Oct 20, 2023 - Energy & Environment

The world is nearing a peak in fossil fuel power production: study

Illustration: Natalie Peeples/Axios

Fossil fuel electricity generation peaked at least five years ago in roughly half the world's countries.

Why it matters: A new analysis, from climate think tank Ember, underscores how a global peak in fossil electricity — the top global CO2 source — is likely imminent.

The big picture: Those 107 economies at least five years post-peak represent almost 40% of global demand.

  • The European Union, "Oceania" (Australia, New Zealand, and various Pacific islands), and North America are "well into a period of fossil power decline," the study notes.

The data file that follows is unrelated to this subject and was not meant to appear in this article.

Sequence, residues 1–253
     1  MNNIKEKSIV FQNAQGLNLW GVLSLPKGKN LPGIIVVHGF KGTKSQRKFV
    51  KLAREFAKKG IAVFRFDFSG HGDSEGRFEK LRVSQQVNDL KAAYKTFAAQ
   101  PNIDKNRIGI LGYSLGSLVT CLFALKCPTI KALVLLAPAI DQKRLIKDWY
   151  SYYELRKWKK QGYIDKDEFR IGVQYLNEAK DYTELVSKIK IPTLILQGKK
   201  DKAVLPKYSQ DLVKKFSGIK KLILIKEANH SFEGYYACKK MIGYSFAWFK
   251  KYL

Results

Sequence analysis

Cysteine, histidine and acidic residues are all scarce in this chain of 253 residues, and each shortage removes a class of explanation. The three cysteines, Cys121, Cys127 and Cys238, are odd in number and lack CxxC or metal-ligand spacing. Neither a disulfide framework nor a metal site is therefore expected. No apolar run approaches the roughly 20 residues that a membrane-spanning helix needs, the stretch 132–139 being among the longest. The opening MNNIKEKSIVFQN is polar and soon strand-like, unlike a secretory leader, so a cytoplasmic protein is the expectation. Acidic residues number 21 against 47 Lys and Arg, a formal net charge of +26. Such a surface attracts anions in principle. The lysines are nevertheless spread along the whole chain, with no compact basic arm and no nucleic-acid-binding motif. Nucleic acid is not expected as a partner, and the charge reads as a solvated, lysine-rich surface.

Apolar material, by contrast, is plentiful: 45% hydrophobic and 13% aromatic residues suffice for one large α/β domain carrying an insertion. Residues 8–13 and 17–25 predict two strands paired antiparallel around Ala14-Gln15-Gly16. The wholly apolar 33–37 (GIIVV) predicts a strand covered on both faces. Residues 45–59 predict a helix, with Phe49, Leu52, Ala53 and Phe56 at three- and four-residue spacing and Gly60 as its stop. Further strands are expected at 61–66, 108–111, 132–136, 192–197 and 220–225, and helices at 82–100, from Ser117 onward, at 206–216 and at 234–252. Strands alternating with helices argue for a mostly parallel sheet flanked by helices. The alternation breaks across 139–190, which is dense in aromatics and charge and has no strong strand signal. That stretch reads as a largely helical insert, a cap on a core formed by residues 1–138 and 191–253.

• At a continent-wide level, Latin America and the Caribbean are plateauing.
  • "The only regions yet to reach a peak are Asia and the Middle East."

Zoom in: 78 of the nations displaced fossil sources with "clean" power, mostly wind and solar, and 49 did so amid climbing overall generation.

Yes, but: For 25, declines in fossil generation stem from lower overall demand or higher power imports, so fossil use could rise again.

Quick take: The findings are psychologically relevant, making energy transition seem less over the horizon.

  • That said, the climate doesn't operate on feelings. Peaks matter far less than decline slopes when it comes to emissions and warming.

The bottom line: "[T]he most critical part is what happens next," Ember states.

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